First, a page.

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HealthWellnessIllustrationSpenser Hayward admits he had only a surface understanding of the connections between poverty and health before he started medical school in August 2015. Hayward and about 50 of his new classmates arrived on campus a few days before the start of medical school orientation to participate in the first-ever Health Disparities Boot Camp, which was sponsored by the School of Medicine’s Office of Diversity and Multicultural Affairs. The group learned about the profound impact that income can have on a person’s health. “I wanted to become more culturally self-aware, and better able to understand the differences between my experience and that of my future patients,” Hayward says.

The first Health Disparities Boot Camp was so well received that, starting this year, its content has been incorporated into the “Patient, Doctor and Society” course as part of the required first-year curriculum for all incoming medical students.

Nadia Richardson right oneNadia Richardson, Ph.D., associate director of the Office of Diversity and Multicultural Affairs, volunteered to take the lead in designing a pre-orientation elective activity on health disparities.“The patient population is becoming increasingly diverse, and as a result, training is necessary in order for all physicians to effectively provide the best possible care for everyone they encounter,” says Nadia Richardson, Ph.D., associate director of the Office of Diversity and Multicultural Affairs. “Also, a growing body of research continues to highlight that providing culturally incompetent health care actually contributes to the persistence of health disparities and, ultimately poor health outcomes for under-represented populations.”

Richardson joined the Office of Diversity in 2014 and volunteered to take the lead in designing a pre-orientation elective activity on health disparities. In its first year, about 25 percent of the incoming class participated in a two-day Boot Camp that covered topics related to implicit bias, health disparities, social determinants of health, and culturally responsive care.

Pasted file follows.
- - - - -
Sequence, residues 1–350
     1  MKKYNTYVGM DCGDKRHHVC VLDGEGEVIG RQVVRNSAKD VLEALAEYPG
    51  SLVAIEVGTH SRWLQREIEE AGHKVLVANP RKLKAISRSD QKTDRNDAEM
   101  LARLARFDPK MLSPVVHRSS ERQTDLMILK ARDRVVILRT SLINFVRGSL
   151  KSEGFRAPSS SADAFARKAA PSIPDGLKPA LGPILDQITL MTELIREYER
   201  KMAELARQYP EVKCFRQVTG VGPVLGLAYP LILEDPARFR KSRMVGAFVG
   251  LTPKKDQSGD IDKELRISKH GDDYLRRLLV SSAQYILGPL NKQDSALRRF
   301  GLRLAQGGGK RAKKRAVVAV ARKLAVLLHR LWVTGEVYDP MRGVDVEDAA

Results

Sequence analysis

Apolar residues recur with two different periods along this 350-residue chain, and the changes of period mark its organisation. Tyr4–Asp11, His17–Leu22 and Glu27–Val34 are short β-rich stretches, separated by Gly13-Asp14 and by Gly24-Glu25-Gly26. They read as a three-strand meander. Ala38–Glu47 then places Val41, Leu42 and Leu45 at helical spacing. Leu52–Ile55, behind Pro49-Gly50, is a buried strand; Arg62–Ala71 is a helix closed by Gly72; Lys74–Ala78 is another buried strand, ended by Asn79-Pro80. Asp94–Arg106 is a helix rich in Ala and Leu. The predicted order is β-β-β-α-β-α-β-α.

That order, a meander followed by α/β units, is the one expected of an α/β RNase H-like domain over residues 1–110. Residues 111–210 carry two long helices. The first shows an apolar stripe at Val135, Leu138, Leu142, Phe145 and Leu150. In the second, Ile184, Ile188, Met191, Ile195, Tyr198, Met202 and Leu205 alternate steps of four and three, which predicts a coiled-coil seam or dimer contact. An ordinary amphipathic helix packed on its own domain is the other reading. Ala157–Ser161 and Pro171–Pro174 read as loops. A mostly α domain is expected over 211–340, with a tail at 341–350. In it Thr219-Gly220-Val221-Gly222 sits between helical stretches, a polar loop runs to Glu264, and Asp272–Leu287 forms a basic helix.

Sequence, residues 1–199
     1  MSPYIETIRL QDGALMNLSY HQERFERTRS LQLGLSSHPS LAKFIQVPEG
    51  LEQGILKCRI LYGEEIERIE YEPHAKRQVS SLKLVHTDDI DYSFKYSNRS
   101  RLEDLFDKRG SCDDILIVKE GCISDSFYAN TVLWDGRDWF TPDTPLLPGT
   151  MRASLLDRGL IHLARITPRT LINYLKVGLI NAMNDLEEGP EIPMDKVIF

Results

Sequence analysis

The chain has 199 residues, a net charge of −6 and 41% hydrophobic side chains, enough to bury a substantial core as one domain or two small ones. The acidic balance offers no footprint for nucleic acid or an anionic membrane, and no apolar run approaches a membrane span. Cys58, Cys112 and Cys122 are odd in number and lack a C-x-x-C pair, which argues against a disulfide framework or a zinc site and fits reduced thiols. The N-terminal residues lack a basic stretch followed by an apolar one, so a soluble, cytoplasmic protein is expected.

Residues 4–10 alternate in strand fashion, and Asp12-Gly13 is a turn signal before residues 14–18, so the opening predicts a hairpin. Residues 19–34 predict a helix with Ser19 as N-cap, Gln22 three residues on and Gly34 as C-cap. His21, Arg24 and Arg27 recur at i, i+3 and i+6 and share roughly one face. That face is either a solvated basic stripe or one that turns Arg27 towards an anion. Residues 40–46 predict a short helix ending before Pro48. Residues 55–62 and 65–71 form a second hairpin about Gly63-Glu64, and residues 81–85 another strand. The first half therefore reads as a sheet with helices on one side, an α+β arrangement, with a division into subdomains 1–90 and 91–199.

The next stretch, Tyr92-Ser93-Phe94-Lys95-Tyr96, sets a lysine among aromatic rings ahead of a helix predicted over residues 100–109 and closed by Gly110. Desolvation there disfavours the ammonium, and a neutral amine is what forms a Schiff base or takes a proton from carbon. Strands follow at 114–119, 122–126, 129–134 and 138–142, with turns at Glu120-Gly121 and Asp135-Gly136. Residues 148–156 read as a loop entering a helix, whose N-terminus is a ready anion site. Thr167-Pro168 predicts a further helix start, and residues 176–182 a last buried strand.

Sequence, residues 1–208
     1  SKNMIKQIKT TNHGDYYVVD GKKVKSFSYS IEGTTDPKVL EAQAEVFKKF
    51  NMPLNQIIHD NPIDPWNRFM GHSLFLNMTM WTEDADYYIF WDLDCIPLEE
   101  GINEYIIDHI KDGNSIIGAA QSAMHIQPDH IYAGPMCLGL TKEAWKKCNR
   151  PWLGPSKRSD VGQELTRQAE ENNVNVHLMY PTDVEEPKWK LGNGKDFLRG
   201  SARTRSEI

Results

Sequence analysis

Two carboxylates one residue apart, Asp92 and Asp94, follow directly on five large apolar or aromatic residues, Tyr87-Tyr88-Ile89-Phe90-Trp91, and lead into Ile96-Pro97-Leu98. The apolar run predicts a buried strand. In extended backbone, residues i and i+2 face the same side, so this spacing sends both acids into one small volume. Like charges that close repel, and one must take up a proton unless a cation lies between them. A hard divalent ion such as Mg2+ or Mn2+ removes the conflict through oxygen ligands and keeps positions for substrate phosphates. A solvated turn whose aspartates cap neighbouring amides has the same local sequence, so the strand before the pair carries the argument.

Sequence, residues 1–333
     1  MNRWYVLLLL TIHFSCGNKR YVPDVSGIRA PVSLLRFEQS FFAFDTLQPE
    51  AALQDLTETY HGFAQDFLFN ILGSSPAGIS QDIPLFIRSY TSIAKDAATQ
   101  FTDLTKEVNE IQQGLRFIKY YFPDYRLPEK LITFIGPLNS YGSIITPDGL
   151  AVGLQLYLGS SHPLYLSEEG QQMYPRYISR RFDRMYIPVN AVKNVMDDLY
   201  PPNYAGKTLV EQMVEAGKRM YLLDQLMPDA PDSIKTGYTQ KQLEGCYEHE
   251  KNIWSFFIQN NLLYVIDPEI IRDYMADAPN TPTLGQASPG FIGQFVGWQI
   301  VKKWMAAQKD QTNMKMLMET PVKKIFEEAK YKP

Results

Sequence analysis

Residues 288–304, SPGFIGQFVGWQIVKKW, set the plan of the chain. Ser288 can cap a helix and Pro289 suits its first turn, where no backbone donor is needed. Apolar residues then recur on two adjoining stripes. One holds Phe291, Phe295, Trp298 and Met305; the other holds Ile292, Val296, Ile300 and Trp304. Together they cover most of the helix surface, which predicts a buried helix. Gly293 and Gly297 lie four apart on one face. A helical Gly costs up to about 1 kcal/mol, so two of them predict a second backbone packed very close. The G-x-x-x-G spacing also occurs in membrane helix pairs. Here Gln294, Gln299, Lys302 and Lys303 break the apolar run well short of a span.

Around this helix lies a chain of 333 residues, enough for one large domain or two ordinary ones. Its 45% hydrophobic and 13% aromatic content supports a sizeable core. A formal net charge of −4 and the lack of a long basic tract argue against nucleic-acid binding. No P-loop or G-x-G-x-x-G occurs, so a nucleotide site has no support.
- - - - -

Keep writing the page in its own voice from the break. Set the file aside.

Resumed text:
One aspect of the program that stands out for Hayward was when the presenter showed a map of the Birmingham area superimposed with the life expectancies of residents of each area. “I was shocked to see the large variance between those who lived downtown, near UAB, and those who lived in communities like Vestavia Hills and Mountain Brook,” he says.

Students also watched the documentary Unnatural Causes: In Sickness and in Wealth. The film shows how, while higher-income families may take a walk near their homes for exercise, lower-income people may work shift work or long hours, making it difficult to find time to exercise, or they may be unable to find safe areas to exercise in their neighborhoods after dark.

Life Expectancy by Census Tract,
Jefferson County, 2005-2009
“That moment stays with me because it was an example of something I had always taken for granted—access to safe outdoor spaces—that many lower income Americans don’t have,” Hayward says. “I think there are many of these subtle differences that affect health, and I’ll have difficulty appreciating them if I don’t become cognizant of them through programs like this.”

Richardson is currently in talks with other schools on campus to potentially offer a joint Health Disparities Boot Camp for a variety of health professions students. So far, the health disparities discussion has made a lasting impression on students. “Health disparities education is essential in medical training because so many health issues have significant social determinants,” says Hillary Duenas, who attended the 2015 Boot Camp. “In training to become physicians, we must not only learn the language of medicine; we must also learn the language of our patients and their communities.”

By Nancy Mann Jackson